As Delmon McNabb lined up for his final javelin throw at the USA Track and Field Masters Championship at LSU on Sunday, something felt a bit off.
It wasn't his body. At 71, he’s been throwing the javelin long enough to where the aches and pain in his body seem to bypass what has become his natural motion.
It wasn't the location, either. McNabb spent his entire college career in the shadow of Tiger Stadium as a member of the LSU track and field team during the 1960s.
To this day, he still views Bernie Moore Track Stadium as his home field when he competes in Masters events or the Senior Olympics.
No, it’s the ground that troubled him. No matter how hard he tried, McNabb couldn't get used to throwing off a track surface.
During his throwing career, LSU had a grass infield where javelin throwers would practice. If they couldn’t practice there, there were plenty of open fields along Nicholson Drive.
McNabb distinctly remembers being asked to move his practice session one day when contractors broke ground on what became the Pete Maravich Assembly Center.
Ultimately, McNabb didn’t have his best performance Sunday, finishing a distant second in the men’s 70-75 age category with a throw of 118-feet, 10-inches.
He wasn't too worried about the loss, though. He understands his body isn’t what it was in college. Today he skips the long run up to the line, the result of a career-ending knee injury suffered while practicing with the U.S. National Team after college.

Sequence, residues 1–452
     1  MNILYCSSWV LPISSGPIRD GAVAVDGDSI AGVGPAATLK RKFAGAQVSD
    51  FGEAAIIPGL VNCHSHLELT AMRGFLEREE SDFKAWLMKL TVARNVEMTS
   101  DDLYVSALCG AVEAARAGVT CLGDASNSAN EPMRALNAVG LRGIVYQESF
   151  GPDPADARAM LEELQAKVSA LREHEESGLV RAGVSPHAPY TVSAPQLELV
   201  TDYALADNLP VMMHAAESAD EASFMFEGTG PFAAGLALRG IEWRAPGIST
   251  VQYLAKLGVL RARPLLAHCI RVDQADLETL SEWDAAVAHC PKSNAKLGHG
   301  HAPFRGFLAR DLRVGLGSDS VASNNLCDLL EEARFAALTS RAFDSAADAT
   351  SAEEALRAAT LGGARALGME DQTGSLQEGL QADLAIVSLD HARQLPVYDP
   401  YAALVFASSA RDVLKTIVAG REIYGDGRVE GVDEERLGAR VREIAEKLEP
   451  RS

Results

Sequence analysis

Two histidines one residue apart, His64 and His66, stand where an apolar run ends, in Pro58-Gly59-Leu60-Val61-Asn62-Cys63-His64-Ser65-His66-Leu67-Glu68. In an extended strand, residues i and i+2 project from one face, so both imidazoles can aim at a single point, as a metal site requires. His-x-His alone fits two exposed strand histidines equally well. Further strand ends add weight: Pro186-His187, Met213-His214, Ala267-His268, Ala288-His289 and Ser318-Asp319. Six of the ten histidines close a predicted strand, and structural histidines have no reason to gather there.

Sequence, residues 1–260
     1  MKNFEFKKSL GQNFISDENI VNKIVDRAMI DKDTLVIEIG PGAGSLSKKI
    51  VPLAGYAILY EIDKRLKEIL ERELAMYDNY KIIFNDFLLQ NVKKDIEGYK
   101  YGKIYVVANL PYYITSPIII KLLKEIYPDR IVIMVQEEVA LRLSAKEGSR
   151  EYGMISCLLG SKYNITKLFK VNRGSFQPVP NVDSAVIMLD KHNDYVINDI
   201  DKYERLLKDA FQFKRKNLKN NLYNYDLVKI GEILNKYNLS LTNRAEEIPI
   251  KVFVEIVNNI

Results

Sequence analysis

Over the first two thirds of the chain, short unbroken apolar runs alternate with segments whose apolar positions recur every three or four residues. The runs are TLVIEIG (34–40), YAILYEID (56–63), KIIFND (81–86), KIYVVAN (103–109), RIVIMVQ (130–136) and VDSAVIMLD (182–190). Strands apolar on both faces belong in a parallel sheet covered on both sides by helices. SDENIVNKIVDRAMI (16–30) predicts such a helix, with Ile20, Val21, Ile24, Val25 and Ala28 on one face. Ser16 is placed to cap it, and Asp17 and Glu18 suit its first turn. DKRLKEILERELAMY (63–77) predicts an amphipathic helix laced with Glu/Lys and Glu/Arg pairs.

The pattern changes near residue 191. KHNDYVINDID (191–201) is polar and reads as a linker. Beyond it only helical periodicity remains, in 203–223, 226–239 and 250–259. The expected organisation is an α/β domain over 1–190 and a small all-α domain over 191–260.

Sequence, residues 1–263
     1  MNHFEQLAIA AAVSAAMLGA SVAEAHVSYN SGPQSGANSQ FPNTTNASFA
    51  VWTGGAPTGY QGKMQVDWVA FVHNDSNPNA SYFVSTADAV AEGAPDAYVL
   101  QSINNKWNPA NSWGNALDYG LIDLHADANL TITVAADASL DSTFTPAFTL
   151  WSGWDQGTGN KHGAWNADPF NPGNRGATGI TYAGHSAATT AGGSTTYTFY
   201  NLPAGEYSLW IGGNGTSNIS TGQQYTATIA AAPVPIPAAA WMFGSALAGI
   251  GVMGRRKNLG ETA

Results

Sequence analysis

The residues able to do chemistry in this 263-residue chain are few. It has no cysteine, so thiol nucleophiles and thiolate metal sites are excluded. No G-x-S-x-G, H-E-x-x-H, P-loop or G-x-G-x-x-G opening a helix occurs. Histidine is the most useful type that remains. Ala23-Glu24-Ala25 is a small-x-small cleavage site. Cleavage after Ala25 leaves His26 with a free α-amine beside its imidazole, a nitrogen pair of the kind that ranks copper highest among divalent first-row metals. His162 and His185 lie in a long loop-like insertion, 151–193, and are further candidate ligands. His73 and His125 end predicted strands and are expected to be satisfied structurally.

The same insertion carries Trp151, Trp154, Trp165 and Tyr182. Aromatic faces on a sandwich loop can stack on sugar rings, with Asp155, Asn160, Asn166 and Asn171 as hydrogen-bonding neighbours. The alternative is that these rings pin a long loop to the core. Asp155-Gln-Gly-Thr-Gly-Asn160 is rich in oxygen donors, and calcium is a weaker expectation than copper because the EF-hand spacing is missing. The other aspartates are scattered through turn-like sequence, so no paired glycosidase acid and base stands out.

But it stills feels odd for him not to win in Baton Rouge.
After all, he is, to this day, the most successful javelin thrower in school history.
LSU claims almost 50 men’s individual outdoor national champions in its storied history in track and field, but McNabb is the only Tiger to win a javelin title, throwing 263-5 in 1967.
By the time he was done, McNabb was a two-time SEC champion and two-time All-American.
He also held the school record until 1986 when the NCAA moved to a different type of javelin, thus negating all records to that point. The mark, however, is still the longest throw in school history with the new-javelin record a good 16 feet shorter.
In 1987, McNabb was inducted into the LSU Athletics Hall of Fame.
He said he’ll sometimes wears his national championship ring on special occasions, but doesn’t like to show off too much.
But he had no qualms showing off his LSU gear Sunday, making his throws wearing an LSU hat, shorts, and purple and gold shoes.
“I tell people, especially my grandkids, they always say, ‘Paw Paw, why is everything purple and gold? Everything is LSU, LSU,’ ” McNabb said. “Because I owe them a lot. I had a full scholarship. Took care of everything. I owe them a lot.”
McNabb has competed off and on in the javelin through the past 20 years and mainly does it for fun and love of the sport.
He said he might retire in the next few years, depending how his body holds up.
Still, he can’t get it out of his blood just yet.
“It gives you something to look forward to, and it’s fun when the competitive blood starts flowing the day before,” he said. “My wife doesn’t understand it. She says, ‘You can’t hardly walk around all week, but you can go out there and throw the javelin?’
"I can’t explain it. I get out there, warm up and everything feels good. My knees don’t hurt."